Sunday, June 28, 2015

Attaching Ama Panels

The last week has been a lot of gluing, filleting and sanding on the main ama planks.  After wiring things into place, I did an initial glue up.  Using a small syringe, I put a bead of thickened adhesive epoxy along the bulkhead plank intersections.  A small syringe allows you to force a bit of epoxy between the two surfaces.

The area should be cleaned up with a chisel stick to avoid excess sanding.  The seam and any remaining glue still needs to be sanded back dull.  A wider fillet is then put over the corners to provide most of the strength.  I used larger syringes for applying a fillet bead.  Many people use pastry bags, but the corners were a bit tight for my hands and a bag.  The fillets are then sanded a bit. The sanding is mandatory in the ballast tanks, as they will get a couple more barrier coats of epoxy over all the seams.

Stem wired for glueing.

Initial glue joint between bulkhead and plank.

The plans call for solid wood inner stems behind the bows.  I had some black walnut around which has a very high compressive strength and does not weigh a lot more than fir or laminated plywood blocks.

Shaping the stems was pretty ad hoc.   You don't really know the dimensions and angles until the panels are joined.  Once the panels are joined, there is not much room for measurements and visual inspections of the inserted pieces.

I decided to go with two parts per inner stem.  I figured that any inaccuracy in tapering and shaping could be taken up by sliding one wedge forward past the other into the small vee area.

The stem pieces during shaping.  In addition to the vee shape, the leading edge curves a bit.

Dry fitting the inner stem.  The pieces did not end up perfectly symmetrical, but it should be strong.  You can see where the stringers come together at the bottom of the picture.

Task time: 28 hours
Total project time: 638 hours

Thursday, June 18, 2015

Dry Fitting first Ama Hull Panels

I got the bulkheads firmly attached and then moved on to the main ama panels.

These were wired together at both bows and then dropped as a envelope over the bulkheads.

Some of the bulkhead tabs required sanding to fit into the slots. The glass and epoxy had widened them.  Future builders may want to skip glassing the tabs as much of it is sanded away.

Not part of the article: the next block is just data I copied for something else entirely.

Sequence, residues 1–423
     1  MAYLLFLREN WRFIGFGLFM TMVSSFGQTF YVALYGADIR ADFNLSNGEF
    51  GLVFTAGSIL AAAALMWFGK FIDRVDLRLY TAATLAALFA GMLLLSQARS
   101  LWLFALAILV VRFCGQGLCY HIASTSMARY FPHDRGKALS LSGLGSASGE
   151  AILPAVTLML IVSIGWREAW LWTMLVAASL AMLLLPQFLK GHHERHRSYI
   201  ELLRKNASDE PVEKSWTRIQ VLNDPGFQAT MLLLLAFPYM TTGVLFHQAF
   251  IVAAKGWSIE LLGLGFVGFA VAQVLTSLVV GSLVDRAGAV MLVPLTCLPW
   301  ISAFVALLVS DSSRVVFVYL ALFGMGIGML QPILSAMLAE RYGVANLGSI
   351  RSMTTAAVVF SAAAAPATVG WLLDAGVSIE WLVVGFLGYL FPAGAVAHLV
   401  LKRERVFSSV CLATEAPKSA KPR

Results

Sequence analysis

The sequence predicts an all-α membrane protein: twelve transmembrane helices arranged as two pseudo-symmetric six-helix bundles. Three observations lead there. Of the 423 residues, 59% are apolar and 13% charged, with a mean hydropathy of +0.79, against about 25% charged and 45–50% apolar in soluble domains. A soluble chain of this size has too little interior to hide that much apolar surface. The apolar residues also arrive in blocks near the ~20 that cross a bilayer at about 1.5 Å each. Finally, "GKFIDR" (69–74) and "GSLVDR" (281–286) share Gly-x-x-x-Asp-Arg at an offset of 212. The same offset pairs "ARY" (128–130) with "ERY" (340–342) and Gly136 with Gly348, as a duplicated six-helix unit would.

Things fit together pretty well and the outboard, unsupported stations dropped into place.  The stringers provide plenty of support for the bows at this point.

The next step is to taper the insides of the stringers where they meet at the bows.  I took a conservative amount off of these on the bench, but they are still wide enough to hold the panels apart at the deck level.

Task time: 6 hours
Total project time: 616 hours

Monday, June 15, 2015

Ama Bulkhead Alignment

The new laser arrived and bulkhead alignment has started.

Bosch 2-45 level

The laser makes it pretty straightforward to align the panels relative to one another. 

Saturday, June 13, 2015

Ama Strongback

There has been more sanding and coating on the panels.

I had to reconfigure the shop a bit to allow storing my tablesaw to leave enough room to walk around the 25 foot ama and keep the build table in place.

The strongback is made of two engineered beams laid over stout sawhorses.  The beams are large and way overkill, but they are true and I got a great deal on them at the lumber yard.

The mounts for the bulkheads are MDF attached with 1.5 x 1.5 inch cross pieces.  I made the internal span 30 cm to allow attachment with access to the bulkhead edges next to the hull panels. 

The four inboard stations will be supported.  Two outboard stations will overhang each end.

These are the bulkheads loosely propped in place.  I'm waiting for a cross-beam laser level to arrive.  The bulkheads have the horizontal and vertical centerlines scribed on them for accurate alignment.

Task time: 13 hours
Total project time: 610 hours

Friday, June 5, 2015

Small Bieker Proa at R2AK

Here are some shots of the 25 foot proa prior to the start of the Race to Alaska.